Saturday, October 31, 2009

Bye-bye, novel

Once again, someone decides to spread stories of gloom and doom about the future of the written word. This time, it's Philip Roth, who despite thinking that 25 years down the line there won't be any more novels, insists on writing them. Roth suggests that screens will replace reading, no matter how hard eReaders try to spice it up.
The author believes that the concentration and focus required to read a novel is becoming less and less prevalent, as potential readers turn instead to computers or to television. "I was being optimistic about 25 years really. I think it's going to be cultic. I think always people will be reading them but it will be a small group of people. Maybe more people than now read Latin poetry, but somewhere in that range,"
Okay, Mr Roth. Let's go through these sentiments and shoot them down one by one.

1. Film as a form of entertainment has existed for almost 100 years. In these 100 years, literacy rates have risen. Yes, obviously part of the reason they've risen is because education standards have gone up along with technological advancements, but with this rise has come the concept of the mass-market book. People didn't stop reading because they could go to the movies; why should that happen today? What's changed?

2. The computer as a popular form of entertainment has been around for about fifteen years. Now, this may seem like hardly any time but in today's culture, things change quickly and decisively. Look how long it took eReaders to become normal. If the computer was going to eliminate the novel, wouldn't it be showing significantly by now? If anything, the computer has helped many people learn about literature, access certain books, and has made book-buying a much simpler thing.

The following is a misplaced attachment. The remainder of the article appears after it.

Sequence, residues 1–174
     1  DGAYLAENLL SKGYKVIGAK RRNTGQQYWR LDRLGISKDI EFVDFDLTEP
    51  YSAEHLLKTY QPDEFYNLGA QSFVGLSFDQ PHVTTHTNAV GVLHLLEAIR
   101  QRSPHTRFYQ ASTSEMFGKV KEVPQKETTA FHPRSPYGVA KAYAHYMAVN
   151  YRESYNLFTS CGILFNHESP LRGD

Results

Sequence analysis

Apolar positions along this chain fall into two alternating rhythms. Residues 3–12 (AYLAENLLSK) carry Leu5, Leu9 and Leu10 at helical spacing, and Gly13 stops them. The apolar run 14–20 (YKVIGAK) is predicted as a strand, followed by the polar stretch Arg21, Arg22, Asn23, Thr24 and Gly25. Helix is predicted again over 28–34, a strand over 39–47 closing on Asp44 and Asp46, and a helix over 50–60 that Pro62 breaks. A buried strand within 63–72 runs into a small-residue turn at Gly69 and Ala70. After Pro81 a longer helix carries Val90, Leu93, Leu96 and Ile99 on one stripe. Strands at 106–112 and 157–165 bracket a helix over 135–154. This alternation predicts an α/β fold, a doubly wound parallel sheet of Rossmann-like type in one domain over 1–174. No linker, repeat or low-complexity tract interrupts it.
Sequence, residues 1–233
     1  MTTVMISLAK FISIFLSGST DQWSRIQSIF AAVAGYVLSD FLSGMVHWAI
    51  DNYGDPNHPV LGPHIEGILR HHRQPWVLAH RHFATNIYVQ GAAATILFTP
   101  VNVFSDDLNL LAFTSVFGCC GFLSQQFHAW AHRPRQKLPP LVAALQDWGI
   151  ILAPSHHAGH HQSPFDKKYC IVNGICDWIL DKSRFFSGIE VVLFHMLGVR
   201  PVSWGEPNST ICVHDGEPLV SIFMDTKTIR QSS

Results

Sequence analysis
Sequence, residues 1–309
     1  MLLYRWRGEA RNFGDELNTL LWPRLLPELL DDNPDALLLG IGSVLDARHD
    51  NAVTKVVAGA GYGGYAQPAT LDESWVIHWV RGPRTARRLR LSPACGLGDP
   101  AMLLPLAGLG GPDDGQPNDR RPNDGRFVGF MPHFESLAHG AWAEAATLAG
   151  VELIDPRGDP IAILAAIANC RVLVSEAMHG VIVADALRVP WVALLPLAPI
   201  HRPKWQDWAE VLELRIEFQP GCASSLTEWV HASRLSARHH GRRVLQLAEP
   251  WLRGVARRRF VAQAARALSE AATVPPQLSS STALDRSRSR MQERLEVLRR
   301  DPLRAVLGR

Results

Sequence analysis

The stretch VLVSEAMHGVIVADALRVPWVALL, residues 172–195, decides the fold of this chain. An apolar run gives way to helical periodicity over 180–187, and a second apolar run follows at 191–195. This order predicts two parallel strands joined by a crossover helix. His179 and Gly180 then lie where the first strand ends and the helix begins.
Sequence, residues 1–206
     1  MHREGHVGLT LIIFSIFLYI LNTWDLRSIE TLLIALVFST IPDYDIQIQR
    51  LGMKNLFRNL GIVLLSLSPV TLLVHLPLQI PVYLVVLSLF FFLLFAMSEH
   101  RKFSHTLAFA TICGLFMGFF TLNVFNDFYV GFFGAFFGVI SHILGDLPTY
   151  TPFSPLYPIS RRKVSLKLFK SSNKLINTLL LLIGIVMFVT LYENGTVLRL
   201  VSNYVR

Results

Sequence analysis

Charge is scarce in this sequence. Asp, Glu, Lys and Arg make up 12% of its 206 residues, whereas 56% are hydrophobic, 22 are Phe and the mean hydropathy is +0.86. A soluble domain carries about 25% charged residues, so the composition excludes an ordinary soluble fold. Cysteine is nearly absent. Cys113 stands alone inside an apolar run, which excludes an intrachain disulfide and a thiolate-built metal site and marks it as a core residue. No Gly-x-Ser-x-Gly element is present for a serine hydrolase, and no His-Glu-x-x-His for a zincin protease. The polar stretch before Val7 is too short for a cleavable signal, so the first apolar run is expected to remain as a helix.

3. Behold. This is an online journal that talks about books (and only books). Including novels. This "cult" of readers is massive - there are hundreds (thousands?) of books bloggers currently active, tens of thousands of Facebook users join book/reading related groups, hundreds of thousands of people write reviews on sites like Amazon, Goodreads, and LibraryThing, and many more elsewhere. Are these large numbers just part of a "small group"? The number of people that read Latin poetry is... er... I have no idea. Maybe the reason people don't read Latin poetry is because nobody speaks Latin fluently. It's a dead language, remember? And how to define "a small group of people"? But let's assume for a moment that reading really is in decline. How in decline will it get? Do I, child of the internet, substitute reading literature with time spent on the computer? Absolutely not. Do I watch television for the same reasons I read? Even less so.